Dying coral reefs, biodiversity ravaged by invasive species, expanding open-water "dead zones," toxic algae blooms, the massive depletion of big fish stocks -- all are accelerating, they said in a report compiled during an April meeting in Oxford of 27 of the world's top ocean experts.
Sponsored by the International Programme on the State of the Ocean (IPSO), the review of recent science found that ocean health has declined further and faster than dire forecasts only a few years ago.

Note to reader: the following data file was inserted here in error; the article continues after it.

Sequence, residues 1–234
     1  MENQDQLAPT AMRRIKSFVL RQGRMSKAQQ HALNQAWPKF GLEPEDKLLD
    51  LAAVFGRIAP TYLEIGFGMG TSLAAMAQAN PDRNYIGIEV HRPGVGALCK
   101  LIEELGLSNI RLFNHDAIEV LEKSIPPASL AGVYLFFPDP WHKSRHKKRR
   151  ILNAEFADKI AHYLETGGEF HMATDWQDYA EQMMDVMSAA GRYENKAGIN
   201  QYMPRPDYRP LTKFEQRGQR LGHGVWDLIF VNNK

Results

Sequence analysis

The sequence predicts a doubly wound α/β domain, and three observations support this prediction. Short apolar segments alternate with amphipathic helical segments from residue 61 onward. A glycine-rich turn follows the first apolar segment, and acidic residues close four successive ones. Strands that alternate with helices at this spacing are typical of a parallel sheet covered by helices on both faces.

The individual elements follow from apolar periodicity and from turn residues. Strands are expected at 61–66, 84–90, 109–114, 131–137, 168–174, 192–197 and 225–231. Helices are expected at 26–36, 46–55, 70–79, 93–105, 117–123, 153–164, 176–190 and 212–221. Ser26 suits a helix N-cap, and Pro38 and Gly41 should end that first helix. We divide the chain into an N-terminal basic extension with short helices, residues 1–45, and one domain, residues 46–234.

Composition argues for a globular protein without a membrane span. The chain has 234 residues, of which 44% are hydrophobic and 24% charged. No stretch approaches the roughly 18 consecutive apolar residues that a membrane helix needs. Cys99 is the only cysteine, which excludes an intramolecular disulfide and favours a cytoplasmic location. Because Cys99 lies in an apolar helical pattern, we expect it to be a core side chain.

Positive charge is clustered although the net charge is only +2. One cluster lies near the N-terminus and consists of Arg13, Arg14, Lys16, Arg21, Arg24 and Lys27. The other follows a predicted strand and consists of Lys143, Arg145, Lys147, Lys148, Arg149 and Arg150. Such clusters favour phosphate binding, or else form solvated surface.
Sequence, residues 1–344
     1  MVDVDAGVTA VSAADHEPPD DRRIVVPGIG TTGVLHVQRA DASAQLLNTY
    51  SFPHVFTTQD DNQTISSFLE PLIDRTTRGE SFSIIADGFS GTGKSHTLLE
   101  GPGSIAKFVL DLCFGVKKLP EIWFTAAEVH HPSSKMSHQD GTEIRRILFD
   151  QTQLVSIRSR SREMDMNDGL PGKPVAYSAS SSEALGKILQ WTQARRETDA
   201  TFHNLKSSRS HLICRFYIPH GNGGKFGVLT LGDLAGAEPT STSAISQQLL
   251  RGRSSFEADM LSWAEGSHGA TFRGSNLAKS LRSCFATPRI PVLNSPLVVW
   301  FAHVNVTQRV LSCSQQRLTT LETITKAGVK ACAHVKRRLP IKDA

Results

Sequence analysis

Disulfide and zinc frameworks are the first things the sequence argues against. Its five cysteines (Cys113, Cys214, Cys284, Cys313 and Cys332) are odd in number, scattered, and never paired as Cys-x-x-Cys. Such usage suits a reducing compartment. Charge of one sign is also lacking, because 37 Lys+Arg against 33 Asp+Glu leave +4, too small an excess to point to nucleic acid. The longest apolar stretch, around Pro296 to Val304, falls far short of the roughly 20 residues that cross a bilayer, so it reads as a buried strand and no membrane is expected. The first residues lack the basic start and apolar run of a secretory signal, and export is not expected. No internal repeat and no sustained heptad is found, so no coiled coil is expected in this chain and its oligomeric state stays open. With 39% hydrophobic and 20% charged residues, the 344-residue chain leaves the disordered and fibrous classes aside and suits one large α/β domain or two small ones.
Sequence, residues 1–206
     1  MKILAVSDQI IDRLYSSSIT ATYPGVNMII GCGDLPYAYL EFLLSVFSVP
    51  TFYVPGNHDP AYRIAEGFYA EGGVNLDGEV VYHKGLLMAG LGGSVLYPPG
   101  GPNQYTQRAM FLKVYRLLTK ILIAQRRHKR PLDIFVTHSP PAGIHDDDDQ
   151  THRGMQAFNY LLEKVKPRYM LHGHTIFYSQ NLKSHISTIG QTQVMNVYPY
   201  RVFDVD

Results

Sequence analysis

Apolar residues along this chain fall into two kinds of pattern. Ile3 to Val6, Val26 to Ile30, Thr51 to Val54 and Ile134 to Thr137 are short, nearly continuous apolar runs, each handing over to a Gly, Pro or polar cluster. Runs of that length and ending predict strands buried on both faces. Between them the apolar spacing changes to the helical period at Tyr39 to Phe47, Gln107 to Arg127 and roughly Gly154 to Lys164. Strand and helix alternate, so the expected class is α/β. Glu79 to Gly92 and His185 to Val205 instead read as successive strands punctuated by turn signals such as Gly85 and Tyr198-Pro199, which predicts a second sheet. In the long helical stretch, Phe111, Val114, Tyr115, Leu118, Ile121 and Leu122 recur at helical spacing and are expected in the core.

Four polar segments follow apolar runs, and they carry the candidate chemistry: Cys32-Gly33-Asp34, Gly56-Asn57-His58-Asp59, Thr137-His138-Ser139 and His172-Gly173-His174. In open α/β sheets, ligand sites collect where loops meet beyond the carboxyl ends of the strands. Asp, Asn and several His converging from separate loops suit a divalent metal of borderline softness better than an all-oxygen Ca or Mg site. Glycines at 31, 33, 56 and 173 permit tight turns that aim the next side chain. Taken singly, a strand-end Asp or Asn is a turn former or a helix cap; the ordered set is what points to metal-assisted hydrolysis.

These symptoms, moreover, could be the harbinger of wider disruptions in the interlocking web of biological and chemical interactions that scientists now call the Earth system.
All five mass extinctions of life on the planet, reaching back more than 500 million years, were preceded by many of the same conditions now afflicted the ocean environment, they said.
"The results are shocking," said Alex Rogers, an Oxford professor who heads IPSO and co-authored the report. "We are looking at consequences for humankind that will impact in our lifetime."
Three main drivers are sickening the global marine environment, and all are a direct consequence of humans activity: global warming, acidification and a dwindling level oxygen, a condition known as hypoxia.